The relationship between the written word and religion is as old as writing itself. Today all the world’s major religions lay claim to sacred texts that in turn demand a special kind of attentiveness on the part of the reader. Indeed, the emphasis that Christianity and Islam— the world’s largest religions—place on the written word is so intensive that they, together with Judaism, are often simply referred to as “religions of the book.” But just as print undoubtedly pervades religious thought and practice, so too have religious actors and communities exercised their own protracted influence over the technologies of writing and printing. When the earliest Christian communities abandoned the scroll in favour of the codex, they at once changed both the mechanics of reading and prepared the ground for monastic scribes to develop paratextual tools—tables of contents, cross-references, and indices—that today we can hardly imagine our own books without. Religious controversialists in the era of the Reformation all but sustained the publishing enterprise at a time of cultural retrenchment when they pioneered the use of inexpensive pamphlets and flysheets—among the first forms of printed ephemera—to advance their religious and denominational agendas. Bible, tract, and missionary societies also played a powerful part in supporting the growth of stereotyping and steam printing at the dawn of the nineteenth century as these organizations transformed themselves into the world’s first global publishers in a renewed era of empire. Even today texts that seem calculated to appeal directly to the religious sensibilities of readers—from William Young’s The Shack to Dan Brown’s The Da Vinci Code—continue to achieve enormous commercial success while they discomfit mainstream cultural critics and traditional believers alike.
This special issue invites submissions in English or French that explore the relationship between religion and the book, broadly defined, in either historical or contemporary settings and from a variety of disciplinary and interdisciplinary perspectives. Articles concerned with print culture and Judaism, Christianity, and Islam, as well as Asian and African religions are most welcome. Potential areas of focus include how religious communities shape and are shaped by their interactions with the written and printed word, how the privileging of print guides the development of doctrine and practice, how books reinforce as well as subvert religious power, how the marketplace for books impacts the evolution of religious identity in various geopolitical and economic spaces, how religious agents contribute to the public sphere, and how changes associated with the advent of new forms of media influence the construction of meaning and even help determine what counts as religious truth for contemporary readers.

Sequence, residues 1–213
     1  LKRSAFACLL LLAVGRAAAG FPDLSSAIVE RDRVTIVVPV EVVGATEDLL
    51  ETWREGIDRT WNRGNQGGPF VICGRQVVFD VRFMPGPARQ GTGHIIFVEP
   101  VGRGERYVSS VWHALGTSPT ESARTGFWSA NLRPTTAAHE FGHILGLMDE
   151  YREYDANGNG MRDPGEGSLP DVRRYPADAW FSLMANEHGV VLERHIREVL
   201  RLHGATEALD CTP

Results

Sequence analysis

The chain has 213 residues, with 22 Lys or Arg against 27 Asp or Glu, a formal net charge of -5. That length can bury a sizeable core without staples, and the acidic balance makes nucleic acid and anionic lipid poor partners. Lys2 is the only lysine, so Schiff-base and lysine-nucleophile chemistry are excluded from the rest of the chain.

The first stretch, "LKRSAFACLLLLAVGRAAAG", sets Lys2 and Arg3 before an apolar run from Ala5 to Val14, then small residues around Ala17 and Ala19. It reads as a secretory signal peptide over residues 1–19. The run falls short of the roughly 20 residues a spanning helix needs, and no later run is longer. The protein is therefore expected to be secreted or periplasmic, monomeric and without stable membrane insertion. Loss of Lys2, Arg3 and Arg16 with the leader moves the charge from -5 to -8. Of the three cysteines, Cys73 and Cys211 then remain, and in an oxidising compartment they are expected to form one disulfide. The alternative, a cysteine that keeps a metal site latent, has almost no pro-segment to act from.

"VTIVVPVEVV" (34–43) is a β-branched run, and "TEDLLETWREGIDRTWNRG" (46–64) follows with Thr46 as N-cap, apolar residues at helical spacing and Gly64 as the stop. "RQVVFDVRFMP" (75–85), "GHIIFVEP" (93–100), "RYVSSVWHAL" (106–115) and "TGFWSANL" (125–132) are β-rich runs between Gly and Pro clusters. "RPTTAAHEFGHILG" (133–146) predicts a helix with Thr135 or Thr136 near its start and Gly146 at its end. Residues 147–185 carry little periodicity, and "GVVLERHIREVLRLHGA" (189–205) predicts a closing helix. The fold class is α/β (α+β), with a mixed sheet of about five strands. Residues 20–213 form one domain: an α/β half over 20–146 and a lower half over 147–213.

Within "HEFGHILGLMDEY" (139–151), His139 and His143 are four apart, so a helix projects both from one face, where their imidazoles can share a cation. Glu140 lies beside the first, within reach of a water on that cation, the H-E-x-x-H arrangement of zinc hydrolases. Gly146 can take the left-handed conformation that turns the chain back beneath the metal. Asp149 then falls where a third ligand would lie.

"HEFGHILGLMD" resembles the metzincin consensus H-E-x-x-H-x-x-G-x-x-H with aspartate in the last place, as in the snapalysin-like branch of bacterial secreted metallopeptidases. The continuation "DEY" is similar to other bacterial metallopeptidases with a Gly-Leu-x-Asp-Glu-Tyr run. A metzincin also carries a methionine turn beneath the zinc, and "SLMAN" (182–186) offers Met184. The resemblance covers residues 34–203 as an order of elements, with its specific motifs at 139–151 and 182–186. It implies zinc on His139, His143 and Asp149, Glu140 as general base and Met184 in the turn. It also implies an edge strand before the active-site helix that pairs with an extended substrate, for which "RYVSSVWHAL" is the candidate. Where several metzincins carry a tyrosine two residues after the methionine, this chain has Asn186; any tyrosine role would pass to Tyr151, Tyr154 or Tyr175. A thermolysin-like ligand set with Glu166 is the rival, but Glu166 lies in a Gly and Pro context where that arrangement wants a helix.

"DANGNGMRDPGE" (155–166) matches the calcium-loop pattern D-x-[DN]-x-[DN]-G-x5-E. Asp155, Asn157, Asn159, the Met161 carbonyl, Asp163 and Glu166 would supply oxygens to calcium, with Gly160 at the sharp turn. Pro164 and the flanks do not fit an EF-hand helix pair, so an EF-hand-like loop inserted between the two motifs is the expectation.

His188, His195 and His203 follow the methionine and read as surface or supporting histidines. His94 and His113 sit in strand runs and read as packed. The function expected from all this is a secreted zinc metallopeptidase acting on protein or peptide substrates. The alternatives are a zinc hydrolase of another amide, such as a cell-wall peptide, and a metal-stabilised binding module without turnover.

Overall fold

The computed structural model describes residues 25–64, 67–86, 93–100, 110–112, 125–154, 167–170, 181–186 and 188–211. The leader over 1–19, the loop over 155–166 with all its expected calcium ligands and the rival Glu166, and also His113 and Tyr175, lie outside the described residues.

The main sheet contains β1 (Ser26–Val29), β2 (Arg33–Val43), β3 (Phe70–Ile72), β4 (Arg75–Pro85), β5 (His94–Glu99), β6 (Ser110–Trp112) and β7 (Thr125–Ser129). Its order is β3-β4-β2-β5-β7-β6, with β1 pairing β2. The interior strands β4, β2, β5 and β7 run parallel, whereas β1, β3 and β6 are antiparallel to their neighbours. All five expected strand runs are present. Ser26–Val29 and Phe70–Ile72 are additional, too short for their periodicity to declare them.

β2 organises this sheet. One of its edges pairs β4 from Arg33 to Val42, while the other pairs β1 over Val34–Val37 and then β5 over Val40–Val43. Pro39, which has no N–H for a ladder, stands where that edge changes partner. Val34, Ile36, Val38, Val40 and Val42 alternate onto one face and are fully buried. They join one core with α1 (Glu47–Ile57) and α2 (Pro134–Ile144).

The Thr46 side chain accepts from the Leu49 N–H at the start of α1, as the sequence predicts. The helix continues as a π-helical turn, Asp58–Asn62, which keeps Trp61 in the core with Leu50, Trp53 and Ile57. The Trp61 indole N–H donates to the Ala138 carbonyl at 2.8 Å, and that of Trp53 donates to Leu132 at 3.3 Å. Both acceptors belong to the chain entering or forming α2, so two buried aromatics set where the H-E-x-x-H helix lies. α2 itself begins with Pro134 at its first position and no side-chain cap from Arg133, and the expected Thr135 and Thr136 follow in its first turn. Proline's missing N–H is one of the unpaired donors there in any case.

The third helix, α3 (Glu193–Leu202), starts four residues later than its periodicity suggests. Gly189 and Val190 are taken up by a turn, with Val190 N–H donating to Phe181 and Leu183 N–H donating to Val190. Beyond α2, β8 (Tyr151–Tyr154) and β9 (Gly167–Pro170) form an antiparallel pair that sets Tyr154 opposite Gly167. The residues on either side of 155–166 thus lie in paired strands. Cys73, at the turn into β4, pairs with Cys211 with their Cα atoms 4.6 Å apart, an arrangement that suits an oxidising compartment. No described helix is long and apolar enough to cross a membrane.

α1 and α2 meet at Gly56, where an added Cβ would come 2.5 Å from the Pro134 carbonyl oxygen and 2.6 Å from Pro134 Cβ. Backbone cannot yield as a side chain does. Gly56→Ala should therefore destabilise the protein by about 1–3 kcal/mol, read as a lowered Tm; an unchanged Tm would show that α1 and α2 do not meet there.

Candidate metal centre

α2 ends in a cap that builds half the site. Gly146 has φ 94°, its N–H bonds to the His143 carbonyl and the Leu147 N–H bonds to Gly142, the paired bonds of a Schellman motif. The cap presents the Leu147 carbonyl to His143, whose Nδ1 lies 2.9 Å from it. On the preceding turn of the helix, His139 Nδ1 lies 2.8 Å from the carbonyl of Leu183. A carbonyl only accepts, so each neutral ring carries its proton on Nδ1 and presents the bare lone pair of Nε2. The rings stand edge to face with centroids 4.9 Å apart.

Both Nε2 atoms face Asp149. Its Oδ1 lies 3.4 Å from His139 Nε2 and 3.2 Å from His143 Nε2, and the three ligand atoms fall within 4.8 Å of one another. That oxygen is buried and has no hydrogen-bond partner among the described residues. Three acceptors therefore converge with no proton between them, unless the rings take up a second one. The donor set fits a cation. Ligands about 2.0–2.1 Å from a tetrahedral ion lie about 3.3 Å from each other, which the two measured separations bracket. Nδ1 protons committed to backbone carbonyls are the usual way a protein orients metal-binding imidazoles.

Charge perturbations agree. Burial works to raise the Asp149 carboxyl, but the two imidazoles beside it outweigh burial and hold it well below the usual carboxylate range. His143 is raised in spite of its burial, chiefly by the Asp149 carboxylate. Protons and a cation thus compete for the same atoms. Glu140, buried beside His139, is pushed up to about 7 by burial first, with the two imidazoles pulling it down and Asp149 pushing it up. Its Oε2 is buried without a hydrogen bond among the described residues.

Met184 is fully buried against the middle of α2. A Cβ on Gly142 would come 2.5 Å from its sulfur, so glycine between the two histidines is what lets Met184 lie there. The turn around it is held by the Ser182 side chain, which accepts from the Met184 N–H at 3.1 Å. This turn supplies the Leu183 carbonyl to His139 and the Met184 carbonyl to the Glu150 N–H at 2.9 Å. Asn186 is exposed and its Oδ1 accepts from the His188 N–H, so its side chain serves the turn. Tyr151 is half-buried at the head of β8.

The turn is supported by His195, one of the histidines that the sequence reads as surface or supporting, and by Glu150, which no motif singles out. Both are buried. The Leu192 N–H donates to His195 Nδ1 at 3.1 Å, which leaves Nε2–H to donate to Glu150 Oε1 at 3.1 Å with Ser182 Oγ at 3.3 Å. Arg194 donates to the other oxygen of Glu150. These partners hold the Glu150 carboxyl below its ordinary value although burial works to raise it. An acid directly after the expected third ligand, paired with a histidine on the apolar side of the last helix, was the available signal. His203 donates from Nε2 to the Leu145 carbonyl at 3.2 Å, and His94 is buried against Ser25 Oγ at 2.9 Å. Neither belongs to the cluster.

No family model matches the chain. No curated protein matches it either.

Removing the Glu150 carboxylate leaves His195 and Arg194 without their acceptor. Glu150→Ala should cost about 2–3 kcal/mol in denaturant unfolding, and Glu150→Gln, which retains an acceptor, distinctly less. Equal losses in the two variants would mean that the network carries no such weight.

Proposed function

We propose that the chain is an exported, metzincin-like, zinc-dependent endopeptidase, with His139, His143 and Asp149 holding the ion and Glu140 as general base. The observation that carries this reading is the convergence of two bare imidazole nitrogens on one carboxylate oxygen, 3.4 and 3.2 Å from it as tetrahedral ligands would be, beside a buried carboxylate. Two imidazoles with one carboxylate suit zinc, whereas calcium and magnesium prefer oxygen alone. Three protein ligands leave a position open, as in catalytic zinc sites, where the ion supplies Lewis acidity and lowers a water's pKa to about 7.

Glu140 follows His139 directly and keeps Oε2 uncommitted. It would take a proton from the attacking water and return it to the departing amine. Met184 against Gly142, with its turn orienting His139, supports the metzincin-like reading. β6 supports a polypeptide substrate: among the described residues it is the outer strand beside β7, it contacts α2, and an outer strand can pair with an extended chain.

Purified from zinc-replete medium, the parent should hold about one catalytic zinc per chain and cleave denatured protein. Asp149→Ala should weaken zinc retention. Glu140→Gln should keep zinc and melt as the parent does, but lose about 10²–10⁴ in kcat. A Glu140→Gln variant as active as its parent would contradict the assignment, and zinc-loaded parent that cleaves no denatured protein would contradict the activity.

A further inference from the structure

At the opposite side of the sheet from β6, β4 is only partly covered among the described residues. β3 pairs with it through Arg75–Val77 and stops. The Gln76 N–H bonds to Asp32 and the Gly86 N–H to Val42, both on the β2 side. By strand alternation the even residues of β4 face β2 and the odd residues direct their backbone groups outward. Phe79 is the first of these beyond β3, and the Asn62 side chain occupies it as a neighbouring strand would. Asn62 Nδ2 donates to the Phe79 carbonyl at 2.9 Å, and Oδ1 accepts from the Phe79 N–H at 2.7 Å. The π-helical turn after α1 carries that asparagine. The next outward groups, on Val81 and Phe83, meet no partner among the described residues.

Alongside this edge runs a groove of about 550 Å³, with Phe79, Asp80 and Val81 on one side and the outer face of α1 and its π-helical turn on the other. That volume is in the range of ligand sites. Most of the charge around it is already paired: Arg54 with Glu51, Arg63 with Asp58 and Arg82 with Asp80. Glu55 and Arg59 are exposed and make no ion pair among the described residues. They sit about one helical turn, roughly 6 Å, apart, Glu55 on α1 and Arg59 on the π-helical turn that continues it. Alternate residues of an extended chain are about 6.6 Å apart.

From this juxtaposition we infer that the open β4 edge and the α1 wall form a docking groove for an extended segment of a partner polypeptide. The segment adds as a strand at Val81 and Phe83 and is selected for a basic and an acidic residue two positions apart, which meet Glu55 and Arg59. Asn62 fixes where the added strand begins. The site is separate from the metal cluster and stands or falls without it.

Article proposals of approximately 250 words should be emailed before 1 October 2014 to Scott McLaren (email@example.com), guest editor of this special number. A response will be given by 20 October 2014 following evaluation of the proposal by the editorial committee. Proposed articles that have been accepted must be submitted by 20 January 2015, at which time they will be peer-reviewed. Articles recommended for publication must be re-submitted by 30 March 2015 for publication in spring 2015.
Brian Hales, author of the three volume Joseph Smith’s Polygamy, has announced a related website. Please visit it here.